The second efflorescence of Jewish poetry brings forth exotic romances, satires, verbose hymns, and humorous narrative poems.  Such productions certainly do not justify the application of the epithet “theological” to Jewish literature.  Solomon ben Sakbel composes a satiric romance in the Makamat form, describing the varied adventures of Asher ben Yehuda, another Don Quixote; Berachya Hanakdan puts into Hebrew the fables of AEsop and Lokman, furnishing La Fontaine with some of his material; Abraham ibn Sahl receives from the Arabs, certainly not noted for liberality, ten goldpieces for each of his love-songs; Santob de Carrion is a beloved Spanish bard, bold enough to tell unpleasant truths unto a king; Joseph ibn Sabara writes a humorous romance; Yehuda Sabbatai, epic satires, “The War of Wealth and Wisdom,” and “A Gift from a Misogynist,” and unnamed authors, “Truth’s Campaign,” and “Praise of Women.”

A satirist of more than ordinary gifts was the Italian Kalonymos, whose “Touchstone,” like Ibn Chasdai’s Makamat, “The Prince and the Dervish,” has been translated into German.  Contemporaneous with them was Suesskind von Trimberg, the Suabian minnesinger, and Samson Pnie, of Strasburg, who helped the German poets continue Parzival, while later on, in Italy, Moses Rieti composed “The Paradise” in Hebrew terza-rima.

In the decadence of Jewish literature, the most prominent figure is Immanuel ben Solomon, or Manoello, as the Italians call him.  Critics think him the precursor of Boccaccio, and history knows him as the friend of Dante, whose Divina Commedia he travestied in Hebrew.  The author of the first Hebrew sonnet and of the first Hebrew novel, he was a talented writer, but as frivolous as talented.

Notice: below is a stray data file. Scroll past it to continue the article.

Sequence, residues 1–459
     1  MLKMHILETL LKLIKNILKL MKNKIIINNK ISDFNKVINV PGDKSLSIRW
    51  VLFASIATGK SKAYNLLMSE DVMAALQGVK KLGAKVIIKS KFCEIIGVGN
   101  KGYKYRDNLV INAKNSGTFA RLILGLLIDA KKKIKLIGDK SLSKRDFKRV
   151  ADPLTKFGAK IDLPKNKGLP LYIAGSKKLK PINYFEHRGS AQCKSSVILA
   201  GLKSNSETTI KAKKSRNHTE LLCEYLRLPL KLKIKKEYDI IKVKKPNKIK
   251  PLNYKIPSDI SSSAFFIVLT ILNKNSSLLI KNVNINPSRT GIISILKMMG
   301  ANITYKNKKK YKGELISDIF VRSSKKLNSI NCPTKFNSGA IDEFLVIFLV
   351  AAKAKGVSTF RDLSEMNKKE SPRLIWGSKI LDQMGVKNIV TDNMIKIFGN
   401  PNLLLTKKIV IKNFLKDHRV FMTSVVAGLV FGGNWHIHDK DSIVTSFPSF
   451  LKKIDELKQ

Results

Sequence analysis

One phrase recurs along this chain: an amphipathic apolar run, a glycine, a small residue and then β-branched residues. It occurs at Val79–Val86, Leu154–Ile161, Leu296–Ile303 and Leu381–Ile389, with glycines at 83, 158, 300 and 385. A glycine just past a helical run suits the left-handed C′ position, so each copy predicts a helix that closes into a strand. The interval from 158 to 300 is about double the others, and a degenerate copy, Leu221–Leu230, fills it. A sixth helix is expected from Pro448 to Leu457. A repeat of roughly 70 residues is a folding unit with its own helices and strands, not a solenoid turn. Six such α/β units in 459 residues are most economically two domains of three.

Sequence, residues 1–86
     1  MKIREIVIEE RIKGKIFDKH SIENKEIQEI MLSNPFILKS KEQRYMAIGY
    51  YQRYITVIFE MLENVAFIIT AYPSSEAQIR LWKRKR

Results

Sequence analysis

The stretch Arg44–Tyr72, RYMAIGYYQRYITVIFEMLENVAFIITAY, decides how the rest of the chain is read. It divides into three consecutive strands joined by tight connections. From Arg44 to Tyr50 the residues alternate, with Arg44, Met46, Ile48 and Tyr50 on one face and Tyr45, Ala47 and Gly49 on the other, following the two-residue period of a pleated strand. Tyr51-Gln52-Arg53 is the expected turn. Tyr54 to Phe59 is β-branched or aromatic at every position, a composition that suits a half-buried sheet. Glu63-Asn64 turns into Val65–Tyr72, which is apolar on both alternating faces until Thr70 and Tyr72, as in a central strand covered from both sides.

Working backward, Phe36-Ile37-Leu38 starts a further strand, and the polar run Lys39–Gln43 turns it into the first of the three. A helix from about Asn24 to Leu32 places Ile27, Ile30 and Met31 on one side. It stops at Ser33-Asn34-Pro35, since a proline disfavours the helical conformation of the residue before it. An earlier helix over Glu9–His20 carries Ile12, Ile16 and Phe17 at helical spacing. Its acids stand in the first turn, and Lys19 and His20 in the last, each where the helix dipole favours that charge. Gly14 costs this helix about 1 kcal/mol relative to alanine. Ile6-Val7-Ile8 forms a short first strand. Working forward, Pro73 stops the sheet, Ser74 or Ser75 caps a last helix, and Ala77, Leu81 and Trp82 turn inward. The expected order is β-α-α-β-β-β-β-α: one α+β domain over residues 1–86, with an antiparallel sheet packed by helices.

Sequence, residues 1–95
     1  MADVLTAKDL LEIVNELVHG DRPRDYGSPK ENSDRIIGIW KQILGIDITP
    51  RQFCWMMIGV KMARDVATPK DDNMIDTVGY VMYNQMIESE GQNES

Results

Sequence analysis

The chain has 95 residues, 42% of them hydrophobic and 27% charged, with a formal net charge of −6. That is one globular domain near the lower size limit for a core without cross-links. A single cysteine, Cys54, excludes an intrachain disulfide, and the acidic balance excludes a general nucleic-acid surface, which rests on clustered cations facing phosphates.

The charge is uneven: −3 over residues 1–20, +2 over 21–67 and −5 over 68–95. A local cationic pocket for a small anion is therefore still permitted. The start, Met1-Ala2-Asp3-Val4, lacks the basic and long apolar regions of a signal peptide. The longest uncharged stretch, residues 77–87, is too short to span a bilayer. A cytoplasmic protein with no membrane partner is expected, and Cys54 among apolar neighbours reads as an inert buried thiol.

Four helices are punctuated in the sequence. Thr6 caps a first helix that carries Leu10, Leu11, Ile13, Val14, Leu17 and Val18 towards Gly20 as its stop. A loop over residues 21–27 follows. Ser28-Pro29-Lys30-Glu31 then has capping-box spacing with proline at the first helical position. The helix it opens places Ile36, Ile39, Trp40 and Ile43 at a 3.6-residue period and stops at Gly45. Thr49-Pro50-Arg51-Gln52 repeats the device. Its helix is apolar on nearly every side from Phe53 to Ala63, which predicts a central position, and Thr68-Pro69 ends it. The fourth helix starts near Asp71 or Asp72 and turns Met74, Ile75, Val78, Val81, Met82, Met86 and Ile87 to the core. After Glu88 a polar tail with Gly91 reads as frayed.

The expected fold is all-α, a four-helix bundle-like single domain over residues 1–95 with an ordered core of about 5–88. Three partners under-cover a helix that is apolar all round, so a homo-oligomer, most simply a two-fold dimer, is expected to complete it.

This is the development of Jewish poetry during its great period.  In other departments of literature, in philosophy, in theology, in ethics, in Bible exegesis, the race is equally prolific in minds of the first order.  Glancing back for a moment, our eye is arrested by Moses Maimonides, the great systematizer of the Jewish Law, and the connecting link between scholasticism and the Greek-Arabic development of the Aristotelian system.  Before his time Bêchai ibn Pakuda and Joseph ibn Zadik had entered upon theosophic speculations with the object of harmonizing Arabic and Greek philosophy, and in the age immediately preceding that of Maimonides, Abraham ibn Daud, a writer of surprisingly liberal views, had undertaken, in “The Highest Faith,” the task of reconciling faith with philosophy.  At the same time rationalistic Bible exegesis was begun by Abraham ibn Ezra, an acute but reckless controversialist.  Orthodox interpretations of the Bible had, before him, been taught in France by Rashi (Solomon Yitschaki) and Samuel ben Meir, and continued by German rabbis, who, at the same time, were preachers of morality ­a noteworthy phenomenon in a persecuted tribe.  “How pure and strong its ethical principles were is shown by its religious poetry as well as by its practical Law.  What pervades the poetry as a high ideal, in the application of the Law becomes demonstrable reality.  The wrapt enthusiasm in the hymns of Samuel the Pious and other poets is embodied, lives, in the rulings of Yehuda Hakohen, Solomon Yitschaki, and Jacob ben Meir; in the legal opinions of Isaac ben Abraham, Eliezer ha-Levi, Isaac ben Moses, Meir ben Baruch, and their successors, and in the codices of Eliezer of Metz and Moses de Coucy.  A German professor of a hundred years ago, after glancing through some few Jewish writings, exclaimed, in a tone of condescending approval:  ’Christians of that time could scarcely have been expected to enjoin such high moral principles as this Jew wrote down and bequeathed to his brethren in faith!’”